Extra Virgin Olive Oil

Odds are you have a bottle of this around for cooking. I bet you didn’t know it can put out that fire in your mouth, too. Take a pull, swish it around in your mouth, and spit it out. Capsaicin, which, if you read the whole article, you know is the compound in peppers that triggers the pain response, dissolves in oil.

Milk

There’s a protein in milk called casein, and it’s pretty much kryptonite for capsaicin. Any dairy will do (two scoops of chocolate ice cream, coming up!), but the more fat, the better.

If you don’t consume dairy for whatever reason, don’t bother reaching for the nut milk or other dairy substitutes — they don’t contain casein.

Sugar

Remember our history of the Scoville scale? The original version was based on drinking sugar water until the heat subsided. The complex carbon molecules in sugar like to bond with capsaicin, and, once bonded, you can swallow them down or spit them out. Go with a sugar cube, if you have one handy, or you can try a spoonful of honey.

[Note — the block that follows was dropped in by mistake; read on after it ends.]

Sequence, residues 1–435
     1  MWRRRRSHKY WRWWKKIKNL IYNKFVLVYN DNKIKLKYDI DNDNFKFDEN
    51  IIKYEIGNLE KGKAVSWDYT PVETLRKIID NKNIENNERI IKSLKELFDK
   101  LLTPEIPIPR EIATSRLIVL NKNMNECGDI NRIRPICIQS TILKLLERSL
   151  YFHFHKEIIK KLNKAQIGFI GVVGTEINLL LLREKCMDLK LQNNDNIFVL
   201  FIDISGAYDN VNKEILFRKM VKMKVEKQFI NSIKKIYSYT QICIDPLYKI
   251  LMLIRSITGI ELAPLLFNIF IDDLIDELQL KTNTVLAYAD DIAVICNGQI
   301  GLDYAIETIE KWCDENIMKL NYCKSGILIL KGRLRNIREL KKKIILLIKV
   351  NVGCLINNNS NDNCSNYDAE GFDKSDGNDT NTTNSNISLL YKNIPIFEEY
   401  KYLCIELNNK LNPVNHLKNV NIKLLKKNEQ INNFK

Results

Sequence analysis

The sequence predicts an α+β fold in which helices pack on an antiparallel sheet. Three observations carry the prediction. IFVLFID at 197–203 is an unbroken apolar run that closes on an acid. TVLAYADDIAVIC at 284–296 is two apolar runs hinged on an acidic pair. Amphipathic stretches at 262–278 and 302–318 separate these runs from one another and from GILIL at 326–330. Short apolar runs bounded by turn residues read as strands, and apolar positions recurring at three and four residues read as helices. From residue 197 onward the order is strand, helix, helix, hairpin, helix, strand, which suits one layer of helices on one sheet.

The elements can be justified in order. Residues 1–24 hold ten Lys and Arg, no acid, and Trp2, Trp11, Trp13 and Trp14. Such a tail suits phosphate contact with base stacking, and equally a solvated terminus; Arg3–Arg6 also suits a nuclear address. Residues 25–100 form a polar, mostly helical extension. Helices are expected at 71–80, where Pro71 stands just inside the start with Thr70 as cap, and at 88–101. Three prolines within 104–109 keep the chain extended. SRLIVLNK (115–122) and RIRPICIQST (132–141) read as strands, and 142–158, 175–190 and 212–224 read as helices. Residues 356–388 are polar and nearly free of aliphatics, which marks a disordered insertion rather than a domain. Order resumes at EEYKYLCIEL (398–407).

Dont bother with water or alcohol

It’s a natural reaction to reach for a cold drink to soothe your burning mouth. Unfortunately, water will just spread the flames, kind of like when you throw it on a grease fire (which you should never do).

As for booze, while it’s slightly more effective than plain water, you’ll end up drunk before it takes effect on the heat. Up to you if that’s better or worse than, say, eating yogurt and getting on with your day.

Final Thoughts

Peppers are a versatile ingredient that anyone who barbecues, or cooks in any way, should get to know. Whether you crave the rush of that melt-your-face-off experience or appreciate some extra tingle in your recipes, there’s a pepper for everyone.

Now that you know your peppers, explore the site for recipes and barbecue tips to apply your new learning. Let us know what peppers you love, too — drop a line or join the conversation on social.

Thanks for picking our pack of pepper particulars!

Hi, I’m Jim! I’ve been grilling for nearly 20 years over charcoal, wood, and gas. Now I’m happy to share my experience and discoveries with you.

When I’m not writing about barbecue, I’m usually writing about food anyway, at a food marketing agency. Aside from my family and the perfect steak, my passions include travel and all things Disney.